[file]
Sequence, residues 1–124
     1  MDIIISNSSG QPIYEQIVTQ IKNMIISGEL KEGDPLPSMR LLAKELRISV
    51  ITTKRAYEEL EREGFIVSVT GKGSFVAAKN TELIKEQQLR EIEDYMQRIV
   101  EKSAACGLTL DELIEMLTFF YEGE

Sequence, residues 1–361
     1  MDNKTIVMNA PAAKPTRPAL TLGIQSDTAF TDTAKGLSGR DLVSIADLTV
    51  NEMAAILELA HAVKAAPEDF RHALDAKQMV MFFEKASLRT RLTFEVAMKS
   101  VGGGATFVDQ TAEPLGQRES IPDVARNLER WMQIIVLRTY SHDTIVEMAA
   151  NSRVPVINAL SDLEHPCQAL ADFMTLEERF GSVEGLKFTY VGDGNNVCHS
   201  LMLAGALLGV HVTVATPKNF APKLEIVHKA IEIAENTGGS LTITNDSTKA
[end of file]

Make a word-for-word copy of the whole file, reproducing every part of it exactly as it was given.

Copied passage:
Sequence, residues 1–124
     1  MDIIISNSSG QPIYEQIVTQ IKNMIISGEL KEGDPLPSMR LLAKELRISV
    51  ITTKRAYEEL EREGFIVSVT GKGSFVAAKN TELIKEQQLR EIEDYMQRIV
   101  EKSAACGLTL DELIEMLTFF YEGE

Sequence, residues 1–361
     1  MDNKTIVMNA PAAKPTRPAL TLGIQSDTAF TDTAKGLSGR DLVSIADLTV
    51  NEMAAILELA HAVKAAPEDF RHALDAKQMV MFFEKASLRT RLTFEVAMKS
   101  VGGGATFVDQ TAEPLGQRES IPDVARNLER WMQIIVLRTY SHDTIVEMAA
   151  NSRVPVINAL SDLEHPCQAL ADFMTLEERF GSVEGLKFTY VGDGNNVCHS
   201  LMLAGALLGV HVTVATPKNF APKLEIVHKA IEIAENTGGS LTITNDSTKA